Optimizing the VC Career: Access, Platform, People

I’ve been having a number of conversations recently with people at various stages in their VC career. Some folks are just looking to enter the industry, and others have been investors for a while and are thinking about how to evaluate their next moves. Each of these people have been getting a bunch of different advice about how to think about their careers. It’s very tough to get a job in VC, but it’s actually even tougher to stay in the industry and build a fruitful, long career. There will likely be a number of different changes and transitions that one will face, and it’s tough to weigh all the different factors.

I’m fairly early in my venture career myself, so I certainly don’t claim to be an expert. But I have a hypothesis about what one should optimize for at different steps along the VC career. It’s somewhat counter-intuitive and contrary to some conventional wisdom. The progression I see is around first prioritizing access, then prioritizing platform, then prioritizing people and fit.

When I was first looking to get into VC, I got the typical career advice that optimizing for people and fit was the most important thing. But then I had a chat with Felda Hardymon, a professor at HBS who was also a senior partner at Bessemer. His advice was to speak to every VC firm I could about a role, and in the end, pick the the firm with the strongest track record and reputation. I think I explicitly asked him about people and fit, and he recommended that I de-prioritize that early in my career.

As I’ve reflected on that advice, my interpretation is that what’s most important in the early years as a VC is access to data. You are embarking on a career-long process of developing your investment judgement. If you think of your investment judgement like an algorithm, the quality of the algorithm is highly correlated to the quality of the data that informs it. So, early in your career, your priority should be to feed your personal investment judgement algorithm with the best possible data.

The quality of this data is itself driven by two things. 1. Does the firm have access to really great deals? Does the firm have the brand and deal flow to get in front of great entrepreneurs? 2. Will you specifically have access to these deals? Will you be part of good pitch meetings, and will you be part of high level discussions about these deals? Both of these are critical for your early learning in venture. Early in your career, you should be willing to trade off people* and platform for maximum access.

The next stage of the VC career is about building your own reputation and track record. This is the toughest stage in one’s career because you need to be able to convince founders to work with you over other, more experienced investors. You also need to be able to convince your senior partners and team members to go along with you. At this stage, the most important thing is the quality of your investment platform. I’d define this as the way your firm and your role within the firm helps you compete on deals. This is done through brand, support resources for founders, and an internal process that empowers you to move fast and decisively. I’ve seen some investors succeed here by joining firms with really strong brands so they can win deals based on that credibility. I’ve also seen other investors join firms with fairly weak brands, but ones that allow the investor to move with maximum speed and flexibility to be able to lock-in deals faster than the competition. Others stay at their own firms, but work hard to develop a personal reputation around a fairly narrow focus area or new geography. However you do it, having a platform that empowers you to compete is the most helpful thing at this stage in your career.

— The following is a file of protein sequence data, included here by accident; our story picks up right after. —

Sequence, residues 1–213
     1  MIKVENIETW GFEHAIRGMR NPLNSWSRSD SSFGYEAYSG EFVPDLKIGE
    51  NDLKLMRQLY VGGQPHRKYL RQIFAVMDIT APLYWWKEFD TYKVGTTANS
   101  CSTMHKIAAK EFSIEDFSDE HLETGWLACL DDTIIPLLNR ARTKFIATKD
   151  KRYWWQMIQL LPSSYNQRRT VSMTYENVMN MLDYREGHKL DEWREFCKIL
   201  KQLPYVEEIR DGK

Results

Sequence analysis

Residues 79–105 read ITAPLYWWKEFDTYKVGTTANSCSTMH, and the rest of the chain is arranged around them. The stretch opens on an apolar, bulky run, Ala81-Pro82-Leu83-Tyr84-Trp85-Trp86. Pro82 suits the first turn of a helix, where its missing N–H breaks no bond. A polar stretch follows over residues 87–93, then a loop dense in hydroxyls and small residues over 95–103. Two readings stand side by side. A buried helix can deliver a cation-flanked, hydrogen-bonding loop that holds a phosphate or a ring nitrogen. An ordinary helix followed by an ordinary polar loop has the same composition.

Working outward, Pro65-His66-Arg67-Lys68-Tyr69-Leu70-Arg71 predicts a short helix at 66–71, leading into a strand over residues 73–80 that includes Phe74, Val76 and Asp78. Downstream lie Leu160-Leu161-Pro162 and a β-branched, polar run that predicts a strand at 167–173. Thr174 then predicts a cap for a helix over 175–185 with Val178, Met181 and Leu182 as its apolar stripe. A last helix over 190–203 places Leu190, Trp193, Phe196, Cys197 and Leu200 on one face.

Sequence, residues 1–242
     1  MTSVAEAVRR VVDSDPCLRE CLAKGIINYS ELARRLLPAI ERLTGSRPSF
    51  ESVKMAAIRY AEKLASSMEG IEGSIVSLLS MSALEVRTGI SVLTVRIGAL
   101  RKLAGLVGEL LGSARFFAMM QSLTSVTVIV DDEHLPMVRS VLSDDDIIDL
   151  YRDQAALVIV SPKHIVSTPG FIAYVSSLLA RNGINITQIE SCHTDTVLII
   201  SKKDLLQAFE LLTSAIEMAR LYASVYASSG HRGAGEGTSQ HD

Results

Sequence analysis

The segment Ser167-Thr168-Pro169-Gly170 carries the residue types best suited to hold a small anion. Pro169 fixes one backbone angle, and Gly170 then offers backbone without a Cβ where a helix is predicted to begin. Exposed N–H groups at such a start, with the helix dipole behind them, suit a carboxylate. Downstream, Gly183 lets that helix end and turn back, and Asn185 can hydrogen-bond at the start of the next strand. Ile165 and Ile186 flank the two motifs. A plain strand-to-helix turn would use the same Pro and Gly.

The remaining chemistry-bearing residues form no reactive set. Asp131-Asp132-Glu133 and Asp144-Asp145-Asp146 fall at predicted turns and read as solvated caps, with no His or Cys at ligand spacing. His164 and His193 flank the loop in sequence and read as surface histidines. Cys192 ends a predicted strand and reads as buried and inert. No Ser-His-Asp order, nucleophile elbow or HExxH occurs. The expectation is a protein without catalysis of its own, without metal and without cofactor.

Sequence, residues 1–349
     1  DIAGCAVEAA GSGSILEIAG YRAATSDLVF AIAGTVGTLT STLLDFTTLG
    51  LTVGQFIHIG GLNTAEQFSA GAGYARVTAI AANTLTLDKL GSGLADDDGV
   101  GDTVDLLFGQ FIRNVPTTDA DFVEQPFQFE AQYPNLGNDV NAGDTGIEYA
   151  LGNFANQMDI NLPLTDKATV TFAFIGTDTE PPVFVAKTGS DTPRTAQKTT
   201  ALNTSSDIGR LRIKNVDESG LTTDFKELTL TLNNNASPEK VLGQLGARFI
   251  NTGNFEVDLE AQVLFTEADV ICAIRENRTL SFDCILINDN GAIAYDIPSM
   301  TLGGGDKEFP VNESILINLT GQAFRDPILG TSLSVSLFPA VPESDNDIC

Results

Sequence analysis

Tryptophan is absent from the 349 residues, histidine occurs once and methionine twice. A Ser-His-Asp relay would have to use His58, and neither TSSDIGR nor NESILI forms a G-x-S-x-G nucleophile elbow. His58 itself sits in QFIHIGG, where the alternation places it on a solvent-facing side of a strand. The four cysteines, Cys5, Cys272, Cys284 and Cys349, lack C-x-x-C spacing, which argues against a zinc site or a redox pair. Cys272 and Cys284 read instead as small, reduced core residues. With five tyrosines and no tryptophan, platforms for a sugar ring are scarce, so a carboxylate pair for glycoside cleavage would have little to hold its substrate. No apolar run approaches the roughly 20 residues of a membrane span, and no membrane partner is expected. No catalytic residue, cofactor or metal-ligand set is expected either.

I believe that ultimately, working with great people that you trust, like, and respect are what will really make your time at work rewarding. Many investors are in the industry their whole careers and never quite find themselves with colleagues that they feel great spending time with. And because partnerships are long term commitments, one can find themselves stuck in a sub-optimal situation for a long time.

VC firms also largely don’t perform that well. If you are working with great colleagues, but your firm doesn’t perform, you may be happy for a while, but it certainly won’t last. So the long term challenge if finding a team that is a great fit for you AND a firm that performs at a high level. Doing this is not easy. First, you need to be the kind of partner that great investors want to work with, and share economics with. Then, you need to figure out who these people are that you want to build a long term partnership with.

So my advice is to be on the lookout for people you could see yourself partnering with down the road. You may start a firm together one day, or be in a position to recruit each other to an existing, thriving partnership. Optimizing for people that you fit with is probably the highest priority across the full length of your career. But it’s a bit of a long game, and you don’t necessarily want to optimize for people and fit early on if it means that you give up on access and platform prematurely.

*Side Notes: While I think that it may be wise to sacrifice on people and fit early in your career, what you should never trade off is your integrity. I think it was Ben Franklin who wrote that “He that lieth down with dogs shall rise up with fleas.” When I talk about trading off on people, I mean cultural or personality fit. I highly recommend against joining a firm if you know that there is going to be a mismatch on ethics and foundational values.